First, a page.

Kings' Highway - Jordan /
Question: How can you combine a day-trip amidst some of the most dramatic natural scenery in the Middle East, with visits to scores of ancient sites from many historical periods, and the unique sensation of travelling along the oldest continuously used road in the world?
Hashemite Kingdom of Jordan
Answer: By spending a day driving along the Kings' Highway in Jordan, now a recently repaved two-lane road linking the Jordanian capital of Amman with the stunning antiquities at Petra and the Red Sea resort of Aqaba.
The King's Highway winds its way through the different ecological zones of the country, including forested highlands, open farmland plateaus, deep ravines, the edge of the eastern desert, and the warm tropical Gulf of Aqaba.
Lining both sides of this 335-kilometer (207-mile) thoroughfare is a rich chain of archaeological sites that reads like an index of ancient history and a biblical gazetteer -- prehistoric villages from the Stone Age, biblical towns from the kingdoms of Ammon, Moab and Edom, Crusader castles, some of the finest early Christian Byzantine mosaics in the Middle East, a Roman-Herodian fortress, several Nabatean temples, two major Roman fortresses, early Islamic towns, and the rock-cut Nabatean capital of Petra.
A most ancient route
First mentioned by name in the Bible (Numbers 20:17 and 21:22), the King's Highway was the route that Moses wished to follow as he led his people north through the land of Edom, which today is in southern Jordan. The name may, however, derive from the even earlier episode recounted in Genesis 14, when an alliance of "four kings from the north" marched their troops along this route to do battle against the five kings of the Cities of the Plain, including the wicked cities of Sodom and Gomorrah. The invading monarchs captured Lot, Abraham's nephew, before retreating, only to be chased and overpowered near Damascus by Abraham, who rescued Lot before continuing his mission. This may have happened around 5000 years ago.
The best way to explore the Kings' Highway today is to rent a car in Amman or Aqaba and spend two or three days on the road. Many new service facilities make this an easy and enjoyable trip, including hotels and motels at Petra, Kerak and Madaba, and many new restaurants, tourist service stations, and rest stops along the way.
From Amman, the King's Highway winds southwards through the lush wheat lands of the biblical kingdom of the Ammonites, where major sites to be visited include Hisban, Dhiban, Madaba, and Aroer. The 6th Century mosaic map in Madaba is the oldest surviving map of the Holy Land. Ten minutes west of Madaba is Mount Nebo, from where Moses viewed the Holy Land. Half an hour south is the hilltop Herodian fortress of Macherus (el_Meshneqah, or "the gallows," in Arabic), where Herod Antipas imprisoned and beheaded John the Baptist.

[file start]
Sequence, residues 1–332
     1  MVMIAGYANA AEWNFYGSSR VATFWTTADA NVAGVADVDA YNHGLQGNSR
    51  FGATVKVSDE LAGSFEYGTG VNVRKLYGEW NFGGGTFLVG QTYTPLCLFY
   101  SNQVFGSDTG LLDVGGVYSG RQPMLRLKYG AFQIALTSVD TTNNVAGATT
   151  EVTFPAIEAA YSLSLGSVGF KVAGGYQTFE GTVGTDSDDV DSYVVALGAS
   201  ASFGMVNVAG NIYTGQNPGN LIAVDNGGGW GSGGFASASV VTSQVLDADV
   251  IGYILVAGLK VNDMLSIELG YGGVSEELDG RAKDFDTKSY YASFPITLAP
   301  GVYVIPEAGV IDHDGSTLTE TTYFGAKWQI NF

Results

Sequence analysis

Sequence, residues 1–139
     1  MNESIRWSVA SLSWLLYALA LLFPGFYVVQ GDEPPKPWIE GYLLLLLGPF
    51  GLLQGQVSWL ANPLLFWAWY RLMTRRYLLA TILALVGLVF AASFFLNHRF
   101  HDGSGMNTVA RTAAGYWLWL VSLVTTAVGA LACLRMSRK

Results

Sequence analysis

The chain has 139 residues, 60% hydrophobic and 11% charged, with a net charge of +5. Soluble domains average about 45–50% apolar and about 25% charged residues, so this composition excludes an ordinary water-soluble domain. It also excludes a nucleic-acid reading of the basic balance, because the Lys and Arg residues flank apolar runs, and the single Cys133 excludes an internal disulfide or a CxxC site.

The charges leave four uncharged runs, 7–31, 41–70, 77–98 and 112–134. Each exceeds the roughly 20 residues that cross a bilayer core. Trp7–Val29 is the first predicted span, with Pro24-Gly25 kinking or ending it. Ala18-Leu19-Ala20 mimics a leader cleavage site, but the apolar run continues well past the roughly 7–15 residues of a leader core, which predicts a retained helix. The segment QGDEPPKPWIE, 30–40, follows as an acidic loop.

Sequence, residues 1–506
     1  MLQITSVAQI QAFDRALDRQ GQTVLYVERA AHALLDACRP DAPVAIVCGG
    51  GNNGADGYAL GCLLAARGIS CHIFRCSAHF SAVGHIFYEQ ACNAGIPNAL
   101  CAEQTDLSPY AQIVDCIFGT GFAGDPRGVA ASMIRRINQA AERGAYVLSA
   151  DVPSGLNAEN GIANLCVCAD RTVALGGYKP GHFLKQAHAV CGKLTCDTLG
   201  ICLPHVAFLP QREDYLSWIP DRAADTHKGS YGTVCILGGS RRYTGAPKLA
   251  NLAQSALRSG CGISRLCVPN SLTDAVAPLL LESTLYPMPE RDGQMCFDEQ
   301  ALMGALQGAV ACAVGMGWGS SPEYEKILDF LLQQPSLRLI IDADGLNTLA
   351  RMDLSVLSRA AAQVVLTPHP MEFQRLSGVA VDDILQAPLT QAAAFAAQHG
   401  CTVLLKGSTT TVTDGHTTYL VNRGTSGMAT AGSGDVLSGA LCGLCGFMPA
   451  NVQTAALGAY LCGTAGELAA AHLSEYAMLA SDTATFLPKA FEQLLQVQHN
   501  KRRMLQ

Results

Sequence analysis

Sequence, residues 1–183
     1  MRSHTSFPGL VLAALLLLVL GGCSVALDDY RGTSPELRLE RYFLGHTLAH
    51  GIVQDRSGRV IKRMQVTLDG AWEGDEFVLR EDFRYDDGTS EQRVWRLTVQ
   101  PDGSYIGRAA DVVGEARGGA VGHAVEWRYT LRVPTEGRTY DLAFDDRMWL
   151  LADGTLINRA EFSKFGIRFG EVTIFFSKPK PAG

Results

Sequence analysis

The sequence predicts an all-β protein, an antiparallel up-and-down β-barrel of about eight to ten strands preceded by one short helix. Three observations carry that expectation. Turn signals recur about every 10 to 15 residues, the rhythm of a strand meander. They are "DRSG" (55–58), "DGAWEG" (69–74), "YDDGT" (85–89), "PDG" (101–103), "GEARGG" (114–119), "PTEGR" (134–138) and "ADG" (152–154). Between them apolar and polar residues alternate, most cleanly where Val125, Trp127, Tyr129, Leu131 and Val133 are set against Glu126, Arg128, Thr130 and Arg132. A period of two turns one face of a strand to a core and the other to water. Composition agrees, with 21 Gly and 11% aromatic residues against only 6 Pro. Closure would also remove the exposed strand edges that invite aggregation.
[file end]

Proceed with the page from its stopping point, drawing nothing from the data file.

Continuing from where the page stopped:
The Kings' Highway then winds through the picturesque, shallow Wadi Wala valley, then plunges 600 meters (more than 2,000 feet) into Jordan's miniature Grand Canyon, the Wadi Mujib (the Arnon of the Bible). The road reemerges on the south bank of the Mujib onto the plateau of the ancient Moabite kingdom, passing near the Nabatean temple at el-Qasr and the Roman temple/Byzantine church complex at Rabba. Twenty minutes to the south is the massive Crusader fortress at Kerak, built in 1136 and retaken by the Arab forces of Saladin in 1189. Twenty minutes east of Kerak is the huge Roman legionary fortress at Lejjun.
South of Kerak, the road winds through Mu'ta and Mazar, major Islamic shrines at the site of the first clash between the armies of Islam and Byzantium in 632 AD. The road passes the Roman/Nabatean temple at Dhat Ras, descends through the Wadi Hasa (the biblical Torrent of Zered), past the Nabatean temples of Khirbet Tannur and Khirbet el-Dharih. It then enters the ancient kingdom of Edom, with its excavated capital at Buseira (biblical Bozra). Half an hour to the south is the Crusader fortress at Shobak, built by Baldwin I in 1115 as a key link in the Crusader outposts that guarded the lands between Jerusalem and Aqaba.
The next major stop on the King's Highway is the unique rock-cut Nabataean capital city at Petra, fulcrum of the ancient world's spice and incense routes for 400 years. You can spend days exploring Petra's 800 monuments, along with the nearby 9,000-year-old excavated Stone Age village at Beidha, two more Crusader castles, an Edomite mountain-top village, and the nearby Roman fortress at Udruh.
From Petra, the King's Highway descends gradually past Wadi Rum and its moonscape-like natural wonders, before reaching the warm resort of Aqaba with its Mamluke castle, Islamic-Byzantine towns, and one of the world's oldest known churches.